So what exactly is National Review Online‘s blog Planet Gore, and why is PG such a unique combination of disinformation and (unintentional) entertainment that I’ve started PGDW (Planet Gore Disinfotainment Watch)?
We can find the answer in PG’s very first post, “Welcome to Planet Gore, NRO’s Global Warming Blog,” by Peter Suderman on February 14 (how sweet) of this year. I’ll give the entire post since we, unlike the global warming Denyers, work very hard not to take words and phrases out of context:
From Al Gore and Laurie David to the UN’s IPCC report and Nancy Pelosi’s special global warming committee, global warming is one of the most talked-about and contentious public policy issues of the day. We are constantly told, as Rep. Henry Waxman recently claimed, that “it is one of the most important public policy issues facing our nation and the world.” But the hyped-up rhetoric doesn’t always accurately reflect the complexity of the issue. That’s where Planet Gore comes in. NRO has gathered a team of experts to report and comment on the myriad scientific and economic issues surrounding the global warming debate. So check back regularly for informed news and views about climate change, alternative energy, environmental activism, and of course, Al Gore’s carbon footprint [emphasis added for your entertainment].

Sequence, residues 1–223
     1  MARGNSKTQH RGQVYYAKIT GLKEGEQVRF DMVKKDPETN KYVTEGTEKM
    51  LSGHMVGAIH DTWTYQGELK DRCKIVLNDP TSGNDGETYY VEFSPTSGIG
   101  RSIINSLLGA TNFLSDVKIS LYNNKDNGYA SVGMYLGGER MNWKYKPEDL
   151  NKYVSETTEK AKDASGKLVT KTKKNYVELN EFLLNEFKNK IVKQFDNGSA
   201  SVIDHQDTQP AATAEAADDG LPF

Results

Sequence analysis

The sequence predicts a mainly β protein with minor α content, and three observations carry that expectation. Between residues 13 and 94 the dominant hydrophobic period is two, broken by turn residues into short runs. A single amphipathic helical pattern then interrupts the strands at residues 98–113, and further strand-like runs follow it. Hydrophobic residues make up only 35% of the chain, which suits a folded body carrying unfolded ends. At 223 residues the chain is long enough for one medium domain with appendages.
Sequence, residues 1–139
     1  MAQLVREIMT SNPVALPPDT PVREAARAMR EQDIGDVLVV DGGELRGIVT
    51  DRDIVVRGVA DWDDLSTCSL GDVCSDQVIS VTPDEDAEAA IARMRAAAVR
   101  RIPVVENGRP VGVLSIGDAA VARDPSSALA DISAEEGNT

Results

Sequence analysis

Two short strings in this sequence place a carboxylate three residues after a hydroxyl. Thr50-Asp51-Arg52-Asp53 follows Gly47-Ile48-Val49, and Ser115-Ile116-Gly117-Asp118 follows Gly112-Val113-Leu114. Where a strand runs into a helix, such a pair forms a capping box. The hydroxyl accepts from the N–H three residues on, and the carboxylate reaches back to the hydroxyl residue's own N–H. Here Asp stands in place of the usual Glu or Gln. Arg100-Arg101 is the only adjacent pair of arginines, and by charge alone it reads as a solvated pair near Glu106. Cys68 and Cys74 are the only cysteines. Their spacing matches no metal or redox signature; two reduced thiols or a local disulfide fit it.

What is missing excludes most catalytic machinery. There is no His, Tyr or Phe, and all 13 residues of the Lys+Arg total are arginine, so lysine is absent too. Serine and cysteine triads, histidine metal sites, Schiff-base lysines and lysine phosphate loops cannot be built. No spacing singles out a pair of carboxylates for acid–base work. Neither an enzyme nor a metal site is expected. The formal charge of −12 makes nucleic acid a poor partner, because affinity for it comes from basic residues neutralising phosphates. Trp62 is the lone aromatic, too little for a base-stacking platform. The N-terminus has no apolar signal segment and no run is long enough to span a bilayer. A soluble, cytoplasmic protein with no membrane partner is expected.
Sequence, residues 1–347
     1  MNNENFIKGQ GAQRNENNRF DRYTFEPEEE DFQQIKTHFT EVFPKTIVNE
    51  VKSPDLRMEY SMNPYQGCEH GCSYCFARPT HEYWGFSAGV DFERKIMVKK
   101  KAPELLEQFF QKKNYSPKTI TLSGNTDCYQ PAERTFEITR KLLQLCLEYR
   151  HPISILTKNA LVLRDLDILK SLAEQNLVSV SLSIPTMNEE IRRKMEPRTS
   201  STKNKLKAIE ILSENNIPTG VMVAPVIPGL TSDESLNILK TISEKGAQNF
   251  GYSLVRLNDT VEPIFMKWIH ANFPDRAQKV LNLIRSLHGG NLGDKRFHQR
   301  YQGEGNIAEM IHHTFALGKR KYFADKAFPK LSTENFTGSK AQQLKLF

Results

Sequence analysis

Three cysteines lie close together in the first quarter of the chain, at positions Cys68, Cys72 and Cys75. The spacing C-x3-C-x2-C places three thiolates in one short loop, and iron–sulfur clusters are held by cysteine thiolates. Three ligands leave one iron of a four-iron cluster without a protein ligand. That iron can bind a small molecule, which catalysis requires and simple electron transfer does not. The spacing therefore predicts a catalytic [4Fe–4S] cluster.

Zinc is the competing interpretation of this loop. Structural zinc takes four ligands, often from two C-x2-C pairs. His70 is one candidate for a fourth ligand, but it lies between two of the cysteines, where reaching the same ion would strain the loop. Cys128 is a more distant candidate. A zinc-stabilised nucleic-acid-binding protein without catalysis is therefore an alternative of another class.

Whoa. A whole “team of experts.” Perhaps this team of experts could actually include an example of “hyped-up rhetoric” in their inaugural post. The only quote they give is Waxman’s, which is hardly much rhetorical hype, unless PG’s expert would have us believe that global warming is very talked about and contentious, but not important. If so, why bring in a whole team of experts for a blog on an unimportant subject? This kind of illogic is standard fare on PG, as we’ll see.
Ironically, PG is itself a source of hyped-up rhetoric. In the first post I have already debunked–written just one (!) day after this post–PG uses the phrase “global warming Chicken Littles.” Is that phrase a genuine effort to “accurately reflect the complexity of the issue”? Or is it hypocritical hype?